Managing Your Way Out of Debt
If your holiday spending has you thinking about juggling bills instead of singing holiday tunes, don't despair. With discipline and a change in your spending habits, you can manage your way out of debt, says the California Society of CPAs (www.calcpa.org). Here are some steps to help you get started.
Find Out How Much You Owe
A surprising number of people don't even know how much they owe. The first step in any effective debt reduction program is to restrict your credit card use to emergencies only. The next step is to gather all your loan statements and credit card records and, starting with the debt carrying the highest interest rate, add up the outstanding balance on each account. Finding out how much you owe can serve as a real wake-up call to the need to stop running up bills. Then make a record of the interest rates you are paying on all your outstanding debt. This will help you with repayment priorities.
Restructure Your Debt to Reduce Interest Expenses
If you are a homeowner, a low-interest home equity loan is one of the cheapest ways to consolidate your debt and pay off high-interest credit card balances. Because the interest you pay on home equity loans, unlike credit card interest, is almost always tax-deductible, your cost of borrowing is lower. However, it is important to keep in mind that a home equity loan puts your home at risk should you default.
You also can lower your interest costs by transferring credit card balances to a lower-rate card. But before you go through the trouble of changing credit cards, check with your current card issuer to see if it is willing to lower your rate.
Pay Off As Much As You Can
Don't fall into the trap of paying just the minimum due on your credit cards or it will take you forever to become debt-free. Be willing to bite the bullet and pay off as much as you can each month. If you have outstanding balances on a number of cards, your first priority should be to eliminate your most expensive debt. Pay as much as you can toward the debt with the highest interest rate. When that is paid off, move on to the next highest.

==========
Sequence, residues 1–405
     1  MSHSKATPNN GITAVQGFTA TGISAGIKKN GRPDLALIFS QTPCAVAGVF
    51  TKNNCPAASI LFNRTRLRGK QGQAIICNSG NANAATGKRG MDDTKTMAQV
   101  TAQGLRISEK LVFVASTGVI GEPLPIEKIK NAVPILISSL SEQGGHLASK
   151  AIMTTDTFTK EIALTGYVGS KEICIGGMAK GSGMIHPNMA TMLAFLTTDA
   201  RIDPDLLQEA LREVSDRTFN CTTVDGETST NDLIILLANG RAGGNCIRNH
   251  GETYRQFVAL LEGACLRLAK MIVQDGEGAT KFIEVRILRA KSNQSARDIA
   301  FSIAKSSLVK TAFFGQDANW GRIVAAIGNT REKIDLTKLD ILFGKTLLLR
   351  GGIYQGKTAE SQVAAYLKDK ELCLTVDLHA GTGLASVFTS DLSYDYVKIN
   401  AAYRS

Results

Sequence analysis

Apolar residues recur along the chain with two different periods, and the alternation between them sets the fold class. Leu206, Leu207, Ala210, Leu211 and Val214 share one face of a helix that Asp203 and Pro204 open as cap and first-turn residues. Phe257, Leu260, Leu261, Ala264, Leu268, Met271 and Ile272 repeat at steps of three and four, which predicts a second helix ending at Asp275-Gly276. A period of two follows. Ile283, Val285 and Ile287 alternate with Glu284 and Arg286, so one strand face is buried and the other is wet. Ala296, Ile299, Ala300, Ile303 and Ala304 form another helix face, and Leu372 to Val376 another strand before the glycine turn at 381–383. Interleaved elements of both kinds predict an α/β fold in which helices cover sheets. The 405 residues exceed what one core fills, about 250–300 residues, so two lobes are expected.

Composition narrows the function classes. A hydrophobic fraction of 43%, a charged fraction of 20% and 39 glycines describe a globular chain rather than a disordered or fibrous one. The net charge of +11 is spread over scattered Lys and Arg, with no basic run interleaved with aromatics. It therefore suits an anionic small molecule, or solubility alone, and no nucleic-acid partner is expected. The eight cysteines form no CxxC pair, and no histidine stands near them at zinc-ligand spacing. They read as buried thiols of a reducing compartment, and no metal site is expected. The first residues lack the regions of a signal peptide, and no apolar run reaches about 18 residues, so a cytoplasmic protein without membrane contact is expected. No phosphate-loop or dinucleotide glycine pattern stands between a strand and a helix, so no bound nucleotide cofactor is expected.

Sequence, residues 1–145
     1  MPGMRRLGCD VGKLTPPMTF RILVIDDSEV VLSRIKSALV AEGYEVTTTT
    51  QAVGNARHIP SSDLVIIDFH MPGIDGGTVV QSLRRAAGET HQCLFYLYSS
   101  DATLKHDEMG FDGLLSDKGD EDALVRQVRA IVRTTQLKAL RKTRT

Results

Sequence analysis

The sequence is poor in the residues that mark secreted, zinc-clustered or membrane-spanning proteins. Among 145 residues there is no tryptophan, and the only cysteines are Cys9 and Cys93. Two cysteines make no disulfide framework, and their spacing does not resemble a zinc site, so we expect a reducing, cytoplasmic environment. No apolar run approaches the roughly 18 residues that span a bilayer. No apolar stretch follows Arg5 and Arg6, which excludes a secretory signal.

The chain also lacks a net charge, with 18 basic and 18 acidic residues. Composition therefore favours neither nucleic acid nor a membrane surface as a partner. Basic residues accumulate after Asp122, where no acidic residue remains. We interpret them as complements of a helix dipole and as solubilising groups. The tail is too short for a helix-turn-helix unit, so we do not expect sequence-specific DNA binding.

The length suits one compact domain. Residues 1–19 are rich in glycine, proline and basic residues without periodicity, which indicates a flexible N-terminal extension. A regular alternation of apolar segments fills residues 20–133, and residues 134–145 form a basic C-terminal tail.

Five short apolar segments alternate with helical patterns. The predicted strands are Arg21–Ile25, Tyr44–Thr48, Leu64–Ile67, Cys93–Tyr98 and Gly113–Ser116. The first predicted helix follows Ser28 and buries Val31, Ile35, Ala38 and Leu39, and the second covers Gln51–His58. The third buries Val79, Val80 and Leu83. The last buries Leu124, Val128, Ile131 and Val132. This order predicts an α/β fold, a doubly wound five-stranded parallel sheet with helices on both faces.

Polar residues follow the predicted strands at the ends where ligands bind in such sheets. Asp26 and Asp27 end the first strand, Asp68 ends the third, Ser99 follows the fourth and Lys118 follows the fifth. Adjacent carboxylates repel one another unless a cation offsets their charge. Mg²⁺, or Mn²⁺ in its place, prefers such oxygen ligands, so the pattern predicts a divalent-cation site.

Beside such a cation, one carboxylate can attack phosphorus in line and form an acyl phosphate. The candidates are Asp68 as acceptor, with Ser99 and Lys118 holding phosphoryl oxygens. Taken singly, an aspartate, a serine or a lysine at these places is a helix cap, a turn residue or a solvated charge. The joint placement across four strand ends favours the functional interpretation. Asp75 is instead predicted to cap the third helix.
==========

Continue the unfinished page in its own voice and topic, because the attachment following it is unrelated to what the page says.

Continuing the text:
Make A Bigger Dent In Your Outstanding Balances
Withdrawing funds from low-interest savings accounts to pay off high-interest loans and credit cards almost always makes good financial sense, as long as you keep the equivalent of six months' worth of living expenses in a liquid account for emergencies. Remember, paying off a credit card carrying a 14 percent interest rate is equivalent to earning 14 percent on an investment—an attractive rate of return in today's economic environment. You also should make it a point to use any windfalls such as a bonus, tax refund or even the proceeds of a garage sale to pay down your debt.
Contact Your Creditors
Sometimes outstanding debt can become so overwhelming that instead of tackling it head-on, we try to avoid it&mash;a strategy that is sure to make matters worse. If you fall behind on payments and are having trouble coping with your growing debt, call your credit card companies and other lenders and try to work out an acceptable payment schedule. Avoid quick-fix "credit-repair" services—many are nothing more than costly scams.
Change Your Ways
After working hard to pay off your debt, the last thing you want to do is run up your balances again. It would be nice to think we could live without credit, but in this day and age, every now and then, you're going to need it. The key is to live within your budget and to use credit wisely. Shop around for a card with the lowest possible interest rate, and resolve never to charge more than you can pay off at the end of the month.
Seek Professional Help
If your debt is too much to handle on your own, you may want to contact the Consumer Credit Counseling Service (CCCS), a nonprofit agency that helps consumers deal with credit problems. Some clients just need help curbing their spending and setting up and sticking to a budget. For others, the CCCS will negotiate with creditors—often getting concessions that clients may not be able to get on their own—and set up a repayment plan. To find the office closest to you, call 800-388-2227.